|Progressive Calendar 05.09.09||<– Date –> <– Thread –>|
|From: David Shove (shove001tc.umn.edu)|
|Date: Sat, 9 May 2009 13:02:35 -0700 (PDT)|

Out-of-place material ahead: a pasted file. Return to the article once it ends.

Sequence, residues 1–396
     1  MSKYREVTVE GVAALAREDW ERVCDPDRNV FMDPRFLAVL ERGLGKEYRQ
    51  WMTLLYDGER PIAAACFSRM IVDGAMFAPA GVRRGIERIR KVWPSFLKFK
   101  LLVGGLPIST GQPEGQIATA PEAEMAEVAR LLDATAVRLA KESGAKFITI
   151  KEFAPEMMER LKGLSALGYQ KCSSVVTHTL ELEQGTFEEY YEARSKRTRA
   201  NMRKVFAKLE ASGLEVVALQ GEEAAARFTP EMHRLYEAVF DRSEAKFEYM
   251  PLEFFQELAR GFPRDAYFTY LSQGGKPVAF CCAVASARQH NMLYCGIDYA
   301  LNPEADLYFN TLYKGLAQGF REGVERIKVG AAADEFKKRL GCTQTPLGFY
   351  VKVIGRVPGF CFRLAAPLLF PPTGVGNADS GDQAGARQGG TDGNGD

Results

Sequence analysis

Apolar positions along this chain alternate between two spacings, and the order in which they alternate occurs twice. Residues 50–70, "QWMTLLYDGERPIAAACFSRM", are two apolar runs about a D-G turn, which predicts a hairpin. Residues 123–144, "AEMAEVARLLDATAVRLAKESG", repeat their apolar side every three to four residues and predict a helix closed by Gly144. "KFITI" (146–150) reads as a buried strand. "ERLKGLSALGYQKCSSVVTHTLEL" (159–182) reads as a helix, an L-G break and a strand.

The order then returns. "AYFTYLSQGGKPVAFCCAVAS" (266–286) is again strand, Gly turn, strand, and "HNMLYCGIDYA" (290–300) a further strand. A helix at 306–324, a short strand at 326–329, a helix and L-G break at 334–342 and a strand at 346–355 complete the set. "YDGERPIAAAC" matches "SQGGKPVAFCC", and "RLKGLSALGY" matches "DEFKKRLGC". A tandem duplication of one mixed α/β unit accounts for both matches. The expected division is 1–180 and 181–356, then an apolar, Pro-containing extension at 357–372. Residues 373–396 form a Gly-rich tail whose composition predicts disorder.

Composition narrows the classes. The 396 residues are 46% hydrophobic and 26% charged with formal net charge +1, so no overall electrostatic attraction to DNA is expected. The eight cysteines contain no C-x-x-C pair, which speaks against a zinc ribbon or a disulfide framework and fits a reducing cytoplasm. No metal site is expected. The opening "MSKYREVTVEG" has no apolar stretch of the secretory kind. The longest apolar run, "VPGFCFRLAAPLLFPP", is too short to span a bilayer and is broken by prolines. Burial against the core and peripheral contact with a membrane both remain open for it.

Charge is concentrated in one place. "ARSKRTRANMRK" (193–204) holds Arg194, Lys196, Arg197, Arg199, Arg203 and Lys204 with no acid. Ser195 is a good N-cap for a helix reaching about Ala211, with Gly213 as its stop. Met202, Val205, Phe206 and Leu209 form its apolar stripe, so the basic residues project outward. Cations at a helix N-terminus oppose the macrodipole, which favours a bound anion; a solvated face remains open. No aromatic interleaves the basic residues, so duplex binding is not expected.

P R O G R E S S I V E C A L E N D A R 05.09.09 ed under the weather the last 36 hours 1. Northtown vigil 5.09 2pm 2. Venezuela 5.09 3pm 3. Somali voices 5.09 4/5:30pm 4. Palestine/Indians 5.09 9pm 5. Stillwater vigil 5.10 1pm 6. Mothers day/peace 5.10 2pm 7. RNC 8 defense 5.10 3:30pm 8. Dia de las Madres 5.10 5pm 9. Jeffrey StClair - Damage continues from Amchitka nuke blasts 10. Serge Halimi - In praise of revolutions --------1 of 10-------- From: Vanka485 [at] aol.com Subject: Northtown vigil 5.09 2pm Peace vigil at Northtown (Old Hwy 10 & University Av), every Saturday 2-3pm --------2 of 10-------- From: Socialist Appeal Subject: Venezuela 5.09 3pm Contacts: John Peterson (651) 373-7609 Josh Lucker (618) 691-8277 wil [at] socialistappeal.org Venezuela Nationalizes Cargill Plant May 9th, 2009 @ 3:00pm Mayday Bookstore 301 Cedar Ave S. Minneapolis, MN Venezuela recently expropriated a rice processing plant owned by Cargill, a multinational food giant based in the Twin Cities. Come to Mayday Books to hear John Peterson, National Secretary of the Hands Off Venezuela Campaign, speak on what this means for workers in Venezuela and in the U.S. --------3 of 10-------- From: Women Against Military Madness <wamm [at] mtn.org> Subject: Somali voices 5.09 4/5:30pm "Voices from Somali Minnesotans: A Community Response" Saturday, May 9, 4:00 to 5:30 p.m. (Somali Session), 5:30 to 8:00 p.m. (English Session) Minneapolis Convention Center, Room 101, 1301 Second Avenue South, Minneapolis. Speakers will address current targeting, scapegoating and persecution of the Somali community in Twin Cities. Over the past six months, as a national task force investigates missing Somali youth, members of the Somali community have reported being stopped on the streets and in the malls, Somali businesses have been raided, students have been approached by federal agents in campus libraries, community leaders have been denied boarding passes without due process, agents have talked their way into homes without warrants, non-English-speaking Somalis have been interviewed without translators, agents in unmarked cars have staked out in front of Somali mosques, informants have allegedly been sent inside the mosques. This is an opportunity to understand what is happening to the Somali community here and to stand with them when under racist, targeted attacks by government authorities. Open to public. Co-Sponsored by: United Somali Movement, Somali Youth Network Council (SYNC), Somali Family and Children Services, Somali Youth Action of Minnesota, Somali Action Alliance, United Somali Diaspora, Somali Leadership Council, Somali American Community, World Peace Organization, African Community Center, Students Against Violence Project, Somali Contact Group, Somali Student Association-University of Minnesota Chapter, Muslim Student Association-Augsburg College Chapter, Abubakar As-Saddique Islamic Center (AAIC), Islamic Dawah Institute, Al-Ihsan Islamic Center, Khaled Ibn Waleed Mosque, Karmel Plaza Business Association, Eden Prairie Islamic Center, Daruasalam Cultural Center, Antiwar Committee, Council on American-Islamic Relation-Minnesota Chapter (CAIR-MN), and WAMM. FFI: Call Hindia Ali, 612-423-0106 or email voicesfromsomaliminnesotans [at] gmail.com. --------4 of 10-------- From: Eric Angell <eric-angell [at] riseup.net> Subject: Palestine/Indians 5.09 9pm Maying Minneapolis Television Network (MTN) viewers: "Our World In Depth" cablecasts on MTN Channel 17 on Saturdays at 9pm and Tuesdays at 8am, after DemocracyNow! Households with basic cable may watch. Sat 5/9, 9pm and Tues, 5/12, 8am Parallel Injustices: American Indians and Palestinians At an amazing gathering, for the first time in Minnesota, Native Americans and Palestinians publicly shared their respective experiences of dispossession of their land and genocide of their people. Council on American-Islamic Relations (CAIR) National Director Nihad Awad and American Indian Movement (AIM) leader Clyde Bellecourt speak at Augsburg College. April 2009. --------5 of 10-------- From: scot b <earthmannow [at] comcast.net> Subject: Stillwater vigil 5.10 1pm A weekly Vigil for Peace Every Sunday, at the Stillwater bridge from 1- 2 p.m. Come after Church or after brunch ! All are invited to join in song and witness to the human desire for peace in our world. Signs need to be positive. Sponsored by the St. Croix Valley Peacemakers. If you have a United Nations flag or a United States flag please bring it. Be sure to dress for the weather . For more information go to <http://www.stcroixvalleypeacemakers.com/>http://www.stcroixvalleypeacemakers.com/ For more information you could call 651 275 0247 or 651 999 - 9560 --------6 of 10-------- From: Women Against Military Madness <wamm [at] mtn.org> Subject: MothersDay/peace 5.10 2pm Mother's Day for Peace Sunday, May 10, 2:00 p.m. Lyndale Park Peace Garden, 4124 Roseway Road (Northeast of Lake Harriet by the Rose Garden), Minneapolis. The third annual Mother's Day for Peace event will feature music, poetry, story-telling and crane-making. This year troubadour Larry Long, who prepared a song to sing at Pete Seeger's 90th birthday party at Madison Square Garden, will perform. Julia Ward Howe's 1870 proposal for, the original Mother's Day, a national day of peace will be read. Origami paper to fold a peace crane will be available. The event is free and open to all. Sponsored by: the Friends of the Peace Garden Project. Endorsed by: WAMM. FFI: Call 952-922-0308 or email msphncc [at] gmail.com . --------7 of 10-------- From: info [at] rnc8.org Subject: RNC 8 Defense 5.10 3:30pm This is just a friendly reminder that we have our monthly meeting of the RNC 8 Defense Committee: Sunday, May 10th at 3:30 Walker Church 3104 16th Ave S, Minneapolis Lots of things are going on with the case. Let's come together to figure out how to capture and build on the momentum of recent supportive media and Mayday positive vibes. On that note, check out pictures from the RNC 8 and supporters in the Heart of the Beast Mayday parade soon, plus announcements of upcoming events, at www.RNC8.org. Stay righteous! --------8 of 10-------- From: "[ISO-8859-1] Marco Dávila" <maidaca85 [at] GMAIL.COM> Subject: Dia de las Madres 5.10 5pm The FMLN-Minnesota and Mujeres en Liderazgo want to invite you to celebrate Mother's Day. We are celebrating El Dia de las Madres-Mother's Day. Bethany Church (2511 East Franklin Avenue, Minneapolis). 5pm - 8pm Sunday May 10 There will be poetry, performances, food, raffles, a lot of gifts, AND A LOT --------9 of 10-------- 40 Years After America's Biggest Nuclear Blast, the Damage Continues Echoes of Amchitka By JEFFREY ST. CLAIR CounterPunch May 8-10, 2009 Amchitka Island sits at the midway point on the great arc of Alaska's Aleutian Islands, less than 900 miles across the Bering Sea from the coast of Russia. Amchitka, a spongy landscape of maritime tundra, is one of the most southerly of the Aleutians. The island's relatively temperate climate has made it one of the Arctic's most valuable bird sanctuaries, a critical staging ground for more than 100 migratory species, as well as home to walruses, sea otters and sea lions. Off the coast of Amchitka is a thriving fishery of salmon, pollock, haddock and halibut. All of these values were recognized early on. In 1913, Amchitka was designated as a national wildlife refuge by President William Howard Taft. But these ecological wonders were swept aside in the early '60s when the Pentagon and the Atomic Energy Commission (AEC) went on the lookout for a new place to blow up H-bombs. Thirty years ago, Amchitka was the site of three large underground nuclear tests, including the most powerful nuclear explosion ever detonated by the United States. The aftershocks of those blasts are still being felt. Despite claims by the AEC and the Pentagon that the test sites would safely contain the radiation released by the blasts for thousands of years, independent research by Greenpeace and newly released documents from the Department of Energy (DOE) show that the Amchitka tests began to leak almost immediately. Highly radioactive elements and gasses, such as tritium, americium-241 and plutonium, poured out of the collapsed test shafts, leached into the groundwater and worked their way into ponds, creeks and the Bering Sea. At the same time, thousands of Amchitka laborers and Aleuts living on nearby islands were put in harm's way. Dozens have died of radiation-linked cancers. The response of the federal government to these disturbing findings has been almost as troublesome as the circumstances surrounding the tests themselves: a consistent pattern of indifference, denial and cover-up continues even today. There were several factors behind the selection of Amchitka as a test site. One most certainly was the proximity to the Soviet Union. These explosions were meant to send a message. Indeed, the tests were designed to calibrate the performance of the Spartan anti-ballistic missile, built to take out the Soviet nuclear arsenal. Publicly, however, the rationale offered by the AEC and the Defense Department was simply that Amchitka was a remote, and therefore safe, testing ground. "The site was selectedand I underscore the pointbecause of the virtually zero likelihood of any damage," claimed James Schlesinger, then chairman of the AEC. What Schlesinger and his cohorts overlooked was the remarkable culture of the Aleuts. Amchitka may have been remote from the continental United States, but for nearly 10,000 years it had been the home of the Aleuts. Indeed, anthropologists believe the islands around Amchitka may be the oldest continuously inhabited area in North America. The Aleuts left Amchitka in the 1880s after Russian fur traders had wiped out the sea otter population, but they continued to inhabit nearby islands and relied on the waters near Amchitka for subsistence. The Aleuts raised forceful objections to the tests, pointing to the risk of radiation leaks, earthquakes and tsunamis that might overwhelm their coastal villages. These concerns were never addressed by the federal government. In fact, the Aleuts were never consulted about the possible dangers at all. In 1965, the Long Shot test exploded an 80 kiloton bomb. The $10 million test, the first one supervised by the Pentagon and not the AEC, was really a trial run for bigger things to come. But small as it was, there were immediate problems. Despite claims by the Pentagon that the test site would not leak, radioactive tritium and krypton-85 began to seep into freshwater lakes almost instantly. But evidence of radioactivity, collected by Defense Department scientists only three months after the test, was kept secret for five years. The bomb site continues to spill toxins into the environment. In 1993, EPA researchers detected high levels of tritium in groundwater samples taken near the test site. The contamination from Long Shot didn't deter the Pentagon bomb-testers. In 1969, the AEC drilled a hole 4,000 feet deep into the rock of Amchitka and set off the Milrow nuclear test. The one megaton blast was 10 times as powerful as Long Shot. The AEC called it a "calibration test" designed to see if Amchitka could withstand a much larger test. The evidence should have convinced them of their dangerous folly. The blast triggered a string of small earthquakes and several massive landslides; knocked water from ponds, rivers and lakes more than 50 feet into the air; and, according to government accounts, "turned the surrounding sea to froth." A year later, the AEC and the Pentagon announced their plans for the Cannikin nuclear test. At five megatons, Cannikin was to be the biggest underground nuclear explosion ever conducted by the United States. The blast would be 385 times as powerful as the bomb dropped on Hiroshima. Cannikin became a rallying point for native groups, anti-war and anti-nuke activists, and the nascent environmental movement. Indeed, it was opposition to Cannikin by Canadian and American greens, who tried to disrupt the test by taking boats near the island, that sparked the birth of Greenpeace. A lawsuit was filed in federal court, charging that the test violated the Limited Test Ban Treaty and the newly enacted National Environmental Policy Act. In a 4 to 3 decision, the Supreme Court refused to halt the test. What the Court didn't know, however, was that six federal agencies, including the departments of State and Interior, and the fledgling EPA, had lodged serious objections to the Cannikin test, ranging from environmental and health concerns to legal and diplomatic problems. Nixon issued an executive order to keep the comments from being released. These documents, known as the Cannikin Papers, came to symbolize the continuing pattern of secrecy and cover-up that typified the nation's nuclear testing program. Even so, five hours after the ruling was handed down on Nov. 6, 1971, the AEC and the Pentagon pulled the switch, detonating the Cannikin bomb. In an effort to calm growing public opposition, AEC chief Schlesinger dismissed environmental protesters and the Aleuts as doomsayers, taking his family with him to watch the test. "It's fun for the kids and my wife is delighted to get away from the house for awhile," he quipped. With the Schlesingers looking on, the Cannikin bomb, a 300-foot-long device implanted in a mile-deep hole under Cannikin lake, exploded with the force of an earthquake registering 7.0 on the Richter Scale. The shock of the blast scooped a mile-wide, 60-foot-deep subsidence crater in the ground over the test site and triggered massive rockfalls. The immediate ecological damage from the blast was staggering. Nearly 1,000 sea otters, a species once hunted to near extinction, were killedtheir skulls crushed by the shockwaves of the explosion. Other marine mammals died when their eyes were blown out of their sockets or when their lungs ruptured. Thousands of birds also perished, their spines snapped and their legs pushed through their bodies. (Neither the Pentagon nor the Fish and Wildlife Service has ever studied the long-term ecological consequences of the Amchitka explosions.) Most worrisome was that a large volume of water from White Alice Creek vanished after the blast. The disappearance of the creek was more than a sign of Cannikin's horrific power. It was also an indication that the project had gone terribly wrong; the blast ruptured the crust of the earth, sucking the creek into a brand new aquifer, a radioactive one. In the months following the explosion, blood and urine samples were taken from Aleuts living in the village of Adak on a nearby island. The samples were shown to have abnormally high levels of tritium and cesium-137, both known carcinogens. Despite these alarming findings, the feds never went back to Adak to conduct follow-up medical studies. The Aleuts, who continue their seafaring lifestyle, are particularly vulnerable to radiation-contaminated fish and marine mammals, and radiation that might spread through the Bering Sea, plants and iceflows. But the Aleuts weren't the only ones exposed to Cannikin's radioactive wrath. More than 1,500 workers who helped build the test sites, operate the bomb tests and clean up afterward were also put at risk. The AEC never conducted medical studies on any of these laborers. When the Alaska District Council of Laborers of the AFL-CIO, began looking into the matter in the early '90s, the DOE claimed that none of the workers had been exposed to radiation. They later were forced to admit that exposure records and dosimeter badges had been lost. In 1996, two Greenpeace researchers, Pam Miller and Norm Buske, returned to Amchitka. Buske, a physicist, collected water and plant samples from various sites on the island. Despite claims by the DOE that the radiation would be contained, the samples taken by Buske revealed the presence of plutonium and americium-241 in freshwater plants at the edge of the Bering Sea. In other words, Cannikin continues to leak. Both of these radioactive elements are extremely toxic and have half-lives of hundreds of years. In part because of the report issued by Miller and Buske, a new sense of urgency was lent to the claims of laborers who said they had become sick after working at the Amchitka nuclear site. In 1998, the union commissioned a study by Rosalie Bertell, a former consultant to the Nuclear Regulatory Commission (which replaced the AEC). Bertell found that hundreds of Amchitka workers were exposed to ionizing radiation at five times the level then recognized as hazardous. However, the research is complicated by the fact that many of the records from the Amchitka blast remain classified and others were simply tossed away. "The loss of worker exposure records, or the failure to keep such records, was inexcusable," Bertell says. One of the driving forces behind the effort to seek justice for the Amchitka workers and the Aleuts is Beverley Aleck. Her husband Nick helped drill the mile-deep pit for the Cannikin test; four years later, he died of myelogenous leukemia, a type of cancer associated with radiation exposure. Aleck, an Aleut, has waged a multi-year battle with the DOE to open the records and to begin a health monitoring program for the Amchitka workers. For more than four decades promised health surveys of the Amchitka workers have languished without funding. Will the victims of the Amchitka blasts ever get justice? Don't count on it. For starters, the Aleuts and Amchitka workers are specifically excluded by the Radiation Exposure Compensation Act from receiving medical assistance, death benefits or financial compensation. There is a move to amend this legal loophole, but even that wouldn't mean the workers and Aleuts would be treated fairly. The DOE has tried repeatedly to stiff arm other cases by either dismissing the link between radiation exposure and cancer or, when that fails, invoking a "sovereignty" doctrine, which claims the agency is immune from civil lawsuits. Dr. Paul Seligman, former deputy assistant secretary of the DOE's Office of Health Studies, writes it off as the price of the Cold War. "These were hazardous operations," Seligman says. "The hazards were well understood, but the priorities at the time were weapons production and the defense of the nation." At a time when the mainstream press and Republican politicians are howling over lax security at nuclear weapons sites and Chinese espionage, a more dangerous betrayal of trust is the withholding of test data from the American public. China may use the Los Alamos secrets to upgrade its tiny nuclear arsenal, but the Amchitka explosions already have imperiled a thriving marine ecosystem and caused dozens of lethal cancers. The continuing cover-up and manipulation of information by the DOE not only denies justice to the victims of Amchitka, but indicates that those living near other DOE sites may be at great risk. "DOE management of the U.S. nuclear weapons complex is of the old school in which bad news is hidden," says Pamela Miller, now executive director of Alaska Community Action on Toxics. "This conflicts with sound risk management and makes the entire system inherently risky. The overwhelming threat is of an unanticipated catastrophe." Jeffrey St. Clair is the author of Been Brown So Long It Looked Like Green to Me: the Politics of Nature and Grand Theft Pentagon. His newest book, Born Under a Bad Sky, is just out from AK Press / CounterPunch books. He can be reached at: sitka [at] comcast.net. [Don't let Exel and the soulless nuke developers put up more nuke stations in MN - threatened this session at the MN Leg - ed] --------10 of 10-------- "We Lost All the Battles, But We Had the Best Songs" In Praise of Revolutions By SERGE HALIMI CounterPunch May 8-10, 2009 Two hundred and twenty years may have passed since 1789, but there's still life in the French Revolution. During the bicentenary commemorations, though, Franois Mitterrand had extended an invitation to Margaret Thatcher and Joseph Mobutu to check it was dead and buried. The anniversary year also saw the fall of the Berlin Wall, prompting Francis Fukuyama to announce the "end of history"; in other words, the neoliberal domination of the world would last forever, the so-called revolutionary parenthesis opened in 1789 had closed for good. But the current crisis in capitalism is now challenging the legitimacy of ruling oligarchies. The air has become lighter - or heavier, depending on your viewpoint. Le Figaro, for example, referred to "these intellectuals and artists who call for revolt' and lamented: "Franois Furet [the French historian] seems to have been mistaken: the French revolution isn't over". Like many others, however, Furet had spared no effort to dispel the memory of it. In the past, the Revolution was taken to be the expression of a historical necessity (Marx), of a "new era of history" (Goethe) or of an epic which began with the soldiers of the Year II celebrated in a poem by Victor Hugo: "magnificent barefoot men marching on a dazzled world". All we are allowed to see now is the blood on the Revolution's hands. From Rousseau to Mao, an egalitarian, terrorist, virtuous utopia is said to have trampled on individual liberties and given birth to the cold monster of the totalitarian state. And then "democracy" got its act together and won the day: cheerful, peaceful, free-market. It too is the heir of revolutions, but of a different sort - English or American style, more political than social, decaffeinated. A king was beheaded across the Channel too, of course. But the English aristocracy put up less resistance than in France, so the bourgeoisie there felt no need to make an alliance with the people to establish its domination. Among the privileged classes, a model without the barefoot or sans-culottes had more appeal and seemed less dangerous than the alternative. So Laurence Parisot, head of the French employers' union, wasn't betraying the trust of her members in telling the Financial Times: "I love French history, but I don't like the Revolution very much. It was an act of extreme violence from which we are still suffering. It forced each one of us to be in a camp". She added: "We don't practice [democracy] as successfully as in England". The polarization of society inherent in the notion of "being in a camp" is unwelcome because instead we all ought to be showing our solidarity with our employer, our boss or his brand - while still knowing our place. For in the eyes of those who aren't among its fans, the main charge against the revolution isn't its violence - sadly an all too common phenomenon in history - but something infinitely rarer: the upheaval of the social order which occurs when the proletariat and the affluent go to war. In 1988, George H. W. Bush, looking for a knock-out argument to floor his Democrat opponent, Michael Dukakis, came up with this: "Wer'e not going to be divided by class. You see, I think that's for European democracies or something else. It isn't for the United States of America". Class. Just think how horrifying such an accusation must be in the US! To the extent that 20 years later, at the moment when the US economy seems to be imposing sacrifices as inequitable as the profits that preceded them, the present incumbent in the White House judged it imperative to forestall popular anger thus: "One of the most important lessons to learn from this crisis is that our economy only works if we recognize that we're all in this together, that we all have responsibilities to each other and to our country. We can't afford to demonise every investor or entrepreneur who seeks to make a profit". Whatever ultra rightwing Republicans are claiming, Barack Obama is not about to start any revolution. "Revolution is first of all a rupture. Anyone who cannot accept that rupture with the established order, with capitalist society, cannot be a member of the Socialist Party". Those were the words of Franois Mitterrand in 1971. Since then, the conditions for membership have become less draconian, since they don't put off either the IMF's director general Dominique Strauss-Kahn, or its head, Pascal Lamy. The idea of revolution has ebbed elsewhere too, even in the most radical groups. But the Right has made the word its own (evidently it still contains some seeds of hope), and has turned it into a synonym for the rolling back or destruction of social security gains made - or wrenched - from the established order. Everyday acts of violence Even so, a charge levelled against major revolutions is they were violent. Exception is taken to the massacre of the Swiss Guard during the storming of the Tuileries in August 1792, to that of the Russian royal family in July 1918 in Ekaterinburg and to the liquidation of Chiang Kai-Shek's officers when the Communists took power in China in 1949. But if you object to those, then you shouldn't ignore the famines of the Ancien Rgime, which happened against a background of balls at Versailles and of tithes demanded by priests; or the hundreds of peaceful demonstrators massacred by Nicholas II's troops in St Petersburg on Bloody Sunday in 1905; or the revolutionaries in Canton and Shanghai thrown alive into the boilers of locomotives in 1927. Not to mention the everyday acts of violence which were part of the social order the revolutionaries sought to overthrow. The story of the revolutionaries who were burned alive hasn't just affected those with an interest in China; it's also known to the millions who have read Andr Malraux's novel, La Condition humaine. For decades the greatest writers and artists made common cause with the workers' movement to celebrate revolutions and the glorious future. In doing so, it is true, they underestimated the downside, the tragedies and the chilly dawns (with their political police, personality cults, labour camps and executions). For 30 years, by contrast, those are the only consequences of revolution which have been spoken about; in fact it's the recommended course of action for those who want to succeed at university, in the press - or the Acadmie Franaise. "Revolution inevitably means an irruption of violence," explains Academic Max Gallo. "Our societies are extremely fragile. The major responsibility of those who have a public platform is to guard against this irruption". For his part, Furet reckoned that any attempt at radical transformation was totalitarian or terrorist, that "the idea of another society has become almost inconceivable". His conclusion is that "we are condemned to live in the world that we live in". It's not hard to imagine that such a destiny fits in with the expectations of his readers, who are generally protected from life's storms by a pleasant existence of dinners and debates. There are many other examples of the phobia of revolutions and its corollary - the legitimization of conservatism - besides Gallo and Furet, such as the media, including the cinema. For 30 years, television has been keen to show that the only alternative to liberal democracy is scheming tyrannical regimes. And so the attention given to the German-Soviet pact assumes much greater importance than other unnatural alliances, such as the Munich Agreement or Adolf Hitler's handshake with Neville Chamberlain. At the very least, the Nazi and the conservative shared a common hatred of popular fronts. And the same class fear inspired the aristocrats of Ferrara and the ironmasters of the Ruhr when they enabled Mussolini and the Third Reich to come to power. But is it still permissible to point that out? If so, then we can go further still. While brilliantly explaining why he rejected a Soviet-style revolution, no less a figure than Lon Blum, France's first Socialist prime minister, reflected on the limits of a social transformation which had universal suffrage as its only talisman: "We are not certain," he warned in 1924, "that the representatives and leaders of society today won't themselves depart from the law at the moment when their essential principles appear too seriously threatened". A requirement for revolution Since then there has been no shortage of just this sort of transgression; from Franco's pronunciamento in 1936 to Pinochet's coup d'tat in 1973, not forgetting the overthrow of Mossadegh in Iran in 1953. Blum underlined moreover that "the Republic has never been proclaimed by virtue of a legal vote according to constitutional rules. It was established through the will of the people who rose up against the existing laws". Universal suffrage, which is now invoked as a way of ruling out other forms of collective action (including public service strikes, which are compared to hostage taking), has become the alpha and omega of all public action. The questions Blum posed about it have scarcely dated at all: "Is it a true reality today? Don't the influences of the boss and the landowner bear down on the electors with the pressure of the power of money and the press? Is every elector free of the suffrage he expresses, free through the culture of his thought, free through the independence of his person? And in order to liberate him, isn't a revolution precisely what's required?". In three European countries - the Netherlands, France and Ireland - the "no" vote defied the combined pressures of the bosses, the power of money and the press. For that very reason, it was disregarded. "We lost all the battles, but we had the best songs". This view from a Spanish republican fighter seeking refuge in France after Franco's victory sums up the problem of conservatives and their insistent message of submission. Simply put, revolutions leave an indelible mark on history and human consciousness, even when they fail and even when they are later dishonoured. They embody a moment when fate rises up and the people have the upper hand. This gives them their universal resonance. Each in its way the mutineers of the Potemkin, the survivors of the Long March, the barbudos ("bearded ones") of Cuba's Sierra Maestra - echoes the actions of the soldiers of the Year II; that suggested to British historian Eric Hobsbawm that "the French Revolution demonstrated the power of the common people in a manner that no subsequent government has ever allowed itself to forget - if only in the form of untrained, improvised, conscript armies, defeating the conjunction of the finest and most experienced troops of the old regimes." But it isn't just about memory: modern political vocabulary and half the legal systems in the world were inspired by the code invented by the Revolution. And anyone who thinks about the support for the Third World of the 1960s may wonder if a part of its popularity in Europe comes from the feeling of both recognition and gratitude which it gave rise to. The revolutionary, egalitarian, liberating Enlightenment ideal seemed to be reborn in the South, in part thanks to the Vietnamese, Algerians, Chinese and Chileans who had learned their lessons from Europe. The Empire grew cumbersome, former colonies took up the baton and the revolution continued. The situation today is different. The emancipation of China and India and their self-assertion on the world stage may give rise to some curiosity and sympathy, but they don't refer back to any universal hope linked to equality, the rights of the oppressed, an alternative model for development or the desire to prevent conservative restorations based on knowledge and social graces. Revolutions remain rare If the international interest in Latin America is greater, that's because its political orientation is both democratic and social. A sector of the European left has spent 20 years justifying the priority it gives to the wishes of the middle classes by coming up with theories about the end of the "revolutionary parenthesis" and the end of the political significance of working classes. Venezuela and Bolivia's leaders are, by contrast, remobilizing these people by proving that their lot is being taken into account and their destiny is not sealed - in short, the struggle goes on. However desirable they may be, revolutions remain rare. They require simultaneously: a broad mass of dissatisfied people who are prepared to act; a state whose legitimacy and authority are challenged by some of its usual supporters (as a result of economic incompetence, mismanagement of the military or crippling internal divisions); and finally, pre-existing radical ideas that question the social order and which, though they may be held only by a tiny minority to begin with, are capable of attracting all those whose loyalty to the old order has crumbled. The US historian Victoria Bonnell studied the workers of Moscow and St Petersburg on the eve of the First World War. As this is the only instance of this social group being a major player in a "successful" revolution, her conclusion is worth quoting: "What distinguishes revolutionary consciousness is the conviction that grievances can be redressed only by a transformation of the existing institutions and arrangements, by the establishment of an alternative form of social and political organization". In other words, this consciousness doesn't appear spontaneously without some pre-existing political mobilisation and intellectual ferment. This being so, the demands of social movements are primarily defensive - as can be seen at the moment. They aim to re-establish a social contract which they believe to have been broken by the bosses, landowners, bankers and governments. Food, work, shelter, education, prospects: not (yet) a glorious future but "a vision of the present stripped of its most painful aspects". It is only later, when the inability of those in power to fulfil the obligations which legitimate their power and privileges becomes apparent that the question is sometimes asked outside militant circles: "whether kings, capitalists, priests, generals, bureaucrats, etc, serve any useful social purpose at all". At this point, it is possible to talk of revolution. The transition from one stage to another may occur quickly - in two years in 1789, a few months in 1917 - or may never happen. For nearly two centuries, millions of political and union activists, historians and sociologists have been examining the critical variables: is the ruling class divided and demoralized? Is its machinery of repression intact? Are the social forces that seek change organised and capable of mutual action? Nowhere have these studies been more abundant that in the US, where it is often a case of understanding revolutions and conceding all that they have achieved, the better to avert them. The reliability of these studies has been patchy. In 1977, for example, there was concern about the "ungovernability" of capitalist societies. And the question of why the USSR was so stable also arose. There was no shortage of available explanations: the preference of the Soviet leadership and people for order and stability; collective socialization which consolidated the values of the regime; the non-cumulative nature of problems to be tackled, allowing the party room for maneuver; good economic results; the USSR's status as a great power and so on. The Yale political scientist Samuel Huntington, who was already immensely famous, concluded this roster of corroborating signs: "None of the challenges which are identified in the future appear to be qualitatively different from those the Soviet system has demonstrated the ability to deal with in the past" And the rest, as they say, is history. Serge Halimi is the director of Le Monde Diplomatique. His article appears in the May, English language edition of the monthly Le Monde Diplomatique, to be found at mondediplo.com. This text appears by agreement with Le Monde Diplomatique. CounterPunch features two or three articles from LMD every month. [Revolution may be the only way to clean the sticky scum off the top of society. How else might we end all our wars, or get single payer? Not thru "representative government", as we see today. -ed] ------------------------------------------------------------------------------- - David Shove shove001 [at] tc.umn.edu rhymes with clove Progressive Calendar over 2225 subscribers as of 12.19.02 please send all messages in plain text no attachments vote third party for president for congress now and forever Socialism YES Capitalism NO To GO DIRECTLY to an item, eg --------8 of x-------- do a find on --8